Last week we announced an honourable mention for David Duriesmith and Sara Meger in the Review of International Studies Best Article Prize for ‘Returning to the root: Radical feminist thought and feminist theories of International Relations’ (vol. 46, no. 3). Here they discuss the article, what led up to it and what's next for each of them, with Review of International Studies (RIS) editor Martin Coward.
The RIS Best Article Prize is awarded annually by the editorial advisory board of our journal . It’s awarded for the best article published in the previous year's volume of the journal. This year's winner was José Ciro Martínez for ‘Topological twists in the Syrian conflict: Re-thinking space through bread’ (Vol 46, no1).
The judges were also extremely impressed by David and Sara's article, 'Returning to the root'. They said:
“Duriesmith and Meger excavate rich resources for theorizing sex, the state, and the international system by raising the ghosts of radical feminist thought underpinning feminist international relations. They recalibrate foundational works moving IR beyond the received standards and usual suspects.”
Cambridge University Press has agreed to make ’Returning to the root: Radical feminist thought and feminist theories of International Relations’ free to access for a whole year so please do click through to read it.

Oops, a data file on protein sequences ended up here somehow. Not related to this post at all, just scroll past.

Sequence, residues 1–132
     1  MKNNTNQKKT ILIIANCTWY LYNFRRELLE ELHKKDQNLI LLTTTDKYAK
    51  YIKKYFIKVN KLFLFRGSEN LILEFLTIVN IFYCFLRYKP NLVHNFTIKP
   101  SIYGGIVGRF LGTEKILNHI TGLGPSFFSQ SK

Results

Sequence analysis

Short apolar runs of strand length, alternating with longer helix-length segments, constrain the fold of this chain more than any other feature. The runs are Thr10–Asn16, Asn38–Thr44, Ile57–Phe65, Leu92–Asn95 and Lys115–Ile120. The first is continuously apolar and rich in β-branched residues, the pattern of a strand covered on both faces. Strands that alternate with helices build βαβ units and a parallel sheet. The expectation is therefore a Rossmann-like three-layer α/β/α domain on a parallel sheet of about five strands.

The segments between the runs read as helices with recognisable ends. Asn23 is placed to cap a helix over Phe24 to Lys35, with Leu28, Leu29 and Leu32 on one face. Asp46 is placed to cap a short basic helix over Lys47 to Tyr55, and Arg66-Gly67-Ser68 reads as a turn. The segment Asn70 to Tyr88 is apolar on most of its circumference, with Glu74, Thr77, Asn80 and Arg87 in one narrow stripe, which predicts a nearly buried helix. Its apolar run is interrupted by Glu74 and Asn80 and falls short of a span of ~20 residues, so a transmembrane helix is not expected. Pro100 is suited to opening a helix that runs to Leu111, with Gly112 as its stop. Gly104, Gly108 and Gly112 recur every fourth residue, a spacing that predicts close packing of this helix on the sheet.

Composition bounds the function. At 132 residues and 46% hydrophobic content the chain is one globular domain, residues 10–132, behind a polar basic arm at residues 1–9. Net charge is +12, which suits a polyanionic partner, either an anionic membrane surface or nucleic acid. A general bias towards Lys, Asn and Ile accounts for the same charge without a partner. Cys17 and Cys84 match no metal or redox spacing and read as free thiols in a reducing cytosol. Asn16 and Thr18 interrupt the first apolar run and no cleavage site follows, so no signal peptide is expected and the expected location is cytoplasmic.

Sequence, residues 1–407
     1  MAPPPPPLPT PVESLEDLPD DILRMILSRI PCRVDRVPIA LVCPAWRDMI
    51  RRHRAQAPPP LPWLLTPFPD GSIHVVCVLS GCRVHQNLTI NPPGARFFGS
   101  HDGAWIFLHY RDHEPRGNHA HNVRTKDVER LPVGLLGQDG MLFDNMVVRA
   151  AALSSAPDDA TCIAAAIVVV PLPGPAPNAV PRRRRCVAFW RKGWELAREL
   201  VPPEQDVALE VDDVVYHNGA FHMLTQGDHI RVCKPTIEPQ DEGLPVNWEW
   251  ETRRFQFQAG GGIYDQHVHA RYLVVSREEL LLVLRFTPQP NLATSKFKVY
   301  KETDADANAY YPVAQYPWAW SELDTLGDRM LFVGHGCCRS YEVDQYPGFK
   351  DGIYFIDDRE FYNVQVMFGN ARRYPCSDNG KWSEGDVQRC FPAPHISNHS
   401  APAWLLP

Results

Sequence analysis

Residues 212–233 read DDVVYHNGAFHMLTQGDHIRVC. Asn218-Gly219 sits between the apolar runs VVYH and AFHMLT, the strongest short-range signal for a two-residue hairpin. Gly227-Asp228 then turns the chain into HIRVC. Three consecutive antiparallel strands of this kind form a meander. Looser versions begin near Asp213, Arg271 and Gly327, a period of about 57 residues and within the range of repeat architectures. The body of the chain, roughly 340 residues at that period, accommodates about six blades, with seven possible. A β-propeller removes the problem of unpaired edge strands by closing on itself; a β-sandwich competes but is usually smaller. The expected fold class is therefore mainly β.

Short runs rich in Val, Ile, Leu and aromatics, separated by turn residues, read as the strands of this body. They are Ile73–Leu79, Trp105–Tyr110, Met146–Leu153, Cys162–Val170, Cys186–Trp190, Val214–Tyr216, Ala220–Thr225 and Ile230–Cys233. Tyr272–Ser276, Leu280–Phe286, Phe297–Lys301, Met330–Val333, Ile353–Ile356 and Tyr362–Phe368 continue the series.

Feminist International Relations (IR) theory is haunted by a radical feminist ghost. From Enloe's suggestion that the personal is both political and international, often seen as the foundation of feminist IR, feminist IR scholarship has been built on the intellectual contributions of a body of theory it has long left for dead. Though Enloe's sentiment directly references the Hanisch's radical feminist rallying call, there is little direct engagement with the radical feminist thinkers who popularised the sentiment in IR. Rather, since its inception, the field has been built on radical feminist thought it has left for dead. This has left feminist IR troubled by its radical feminist roots and the conceptual baggage that feminist IR has unreflectively carried from second-wave feminism into its contemporary scholarship. By returning to the roots of radical feminism we believe IR can gain valuable insights regarding the system of sex-class oppression, the central role of heterosexuality in maintaining this system, and the feminist case for revolutionary political action in order to dismantle it.